Ok, then… what exactly is PFMT? It usually includes kegels: exercises that strengthen the area around the vagina and rectum. Gently squeeze these muscles, as if trying not to pee, and then release them 5 seconds later. This is a kegel! (Remember to keep your belly and butt relaxed, and focus on just the pelvic floor.) Do quick kegels five to ten times, or hold a kegel for 5-10 seconds and repeat five times, and your workout is done! Keep note: more doesn’t necessarily mean better here. Tightening this area too much without balancing the surrounding muscles can make for more leaks. So what does that mean? Squats! That’s right; everyone’s favorite exercise! The theory here is that stronger glutes (butt muscles) will only help strengthen your pelvic floor. So, squat away! http://breakingmuscle.com/womens-fitness/stop-doing-kegels-real-pelvic-floor-advice-for-women-and-men Building and stabilizing your core muscles also help prevent those annoying leaks by relieving some of the stress on your pelvic floor, so attend a postnatal yoga class whenever possible and try incorporating some of these exercises into your routine, too: http://www.prevention.com/fitness/strength-training/pelvic-floor-exercises-prevent-urinary-incontinence If you’re still not feeling improvement, don’t hesitate to contact your doctor who may be able to connect you with a physical therapist who works with postpartum women.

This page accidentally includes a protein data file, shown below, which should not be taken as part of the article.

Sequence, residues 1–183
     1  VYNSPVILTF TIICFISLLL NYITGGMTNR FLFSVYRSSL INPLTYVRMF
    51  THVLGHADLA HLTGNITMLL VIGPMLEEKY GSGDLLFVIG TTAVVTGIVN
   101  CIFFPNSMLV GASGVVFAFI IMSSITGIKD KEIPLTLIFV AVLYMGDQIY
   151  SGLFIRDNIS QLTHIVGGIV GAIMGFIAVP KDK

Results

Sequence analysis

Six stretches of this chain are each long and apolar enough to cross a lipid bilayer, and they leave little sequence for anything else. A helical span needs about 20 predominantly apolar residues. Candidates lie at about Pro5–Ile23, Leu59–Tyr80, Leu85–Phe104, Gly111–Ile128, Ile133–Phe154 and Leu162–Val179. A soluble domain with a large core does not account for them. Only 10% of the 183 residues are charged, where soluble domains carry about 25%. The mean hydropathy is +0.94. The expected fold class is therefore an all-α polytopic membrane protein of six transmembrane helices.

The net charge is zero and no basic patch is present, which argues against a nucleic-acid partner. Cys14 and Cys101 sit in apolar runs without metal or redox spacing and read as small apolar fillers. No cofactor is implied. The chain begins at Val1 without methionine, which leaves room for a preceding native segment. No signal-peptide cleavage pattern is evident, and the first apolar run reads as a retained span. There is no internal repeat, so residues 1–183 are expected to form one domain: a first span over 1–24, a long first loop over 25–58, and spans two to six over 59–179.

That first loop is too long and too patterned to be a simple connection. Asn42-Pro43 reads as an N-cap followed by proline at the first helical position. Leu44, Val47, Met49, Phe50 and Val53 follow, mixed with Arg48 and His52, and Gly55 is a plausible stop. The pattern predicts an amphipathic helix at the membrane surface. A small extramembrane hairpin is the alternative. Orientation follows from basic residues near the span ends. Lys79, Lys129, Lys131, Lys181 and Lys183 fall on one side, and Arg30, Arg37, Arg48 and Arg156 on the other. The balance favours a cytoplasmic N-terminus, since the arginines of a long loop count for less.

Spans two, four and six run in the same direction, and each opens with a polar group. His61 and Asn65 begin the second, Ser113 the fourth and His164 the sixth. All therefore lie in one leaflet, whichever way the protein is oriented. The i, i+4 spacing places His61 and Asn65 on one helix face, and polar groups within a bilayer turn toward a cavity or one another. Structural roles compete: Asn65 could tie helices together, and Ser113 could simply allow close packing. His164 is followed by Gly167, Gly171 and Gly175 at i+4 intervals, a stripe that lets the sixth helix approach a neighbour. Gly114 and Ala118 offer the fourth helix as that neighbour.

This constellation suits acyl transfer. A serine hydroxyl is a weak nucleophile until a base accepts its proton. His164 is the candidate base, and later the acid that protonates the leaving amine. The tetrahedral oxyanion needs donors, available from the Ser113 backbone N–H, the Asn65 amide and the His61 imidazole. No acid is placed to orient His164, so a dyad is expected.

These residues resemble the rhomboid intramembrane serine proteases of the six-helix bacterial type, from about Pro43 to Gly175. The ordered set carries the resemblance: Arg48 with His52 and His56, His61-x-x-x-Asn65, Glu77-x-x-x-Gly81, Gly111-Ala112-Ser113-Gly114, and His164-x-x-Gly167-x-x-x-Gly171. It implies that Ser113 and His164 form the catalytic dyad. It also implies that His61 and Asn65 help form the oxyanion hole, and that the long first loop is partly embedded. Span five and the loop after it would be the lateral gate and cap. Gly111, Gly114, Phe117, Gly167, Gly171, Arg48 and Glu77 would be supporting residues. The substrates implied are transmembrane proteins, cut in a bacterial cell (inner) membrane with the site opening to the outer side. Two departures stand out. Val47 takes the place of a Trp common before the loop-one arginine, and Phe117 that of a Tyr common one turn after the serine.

It’s true: having a baby changes you forever. Emotionally, mentally, and physically. And although our hearts are permanently swollen with love for our babies, have no fear: the swelling is just temporary for our parts. 🙂
(Go here to read about one woman’s hilarious experience with pelvic floor therapy: http://www.huffingtonpost.com/lynn-shattuck/pelvic-floor_b_4251668.html)
Hagen, S. & Stark, D. (2011). “Conservative prevention and management of pelvic organ prolapse in women”.Cochrane Database Syst Rev 12: CD003882.doi:10.1002/14651858.CD003882.pub4.PMID 22161382.
Ricci, Susan S., & Kyle, Terri (2009). Maternity and Pediatric Nursing. Lippincott Williams & Wilkins. p. 431.ISBN 0781780551.
Wylie, Linda (2005). Essential Anatomy and Physiology in Maternity Care. Elsevier Health Sciences. pp. 157–158. ISBN 0-443-10041-1.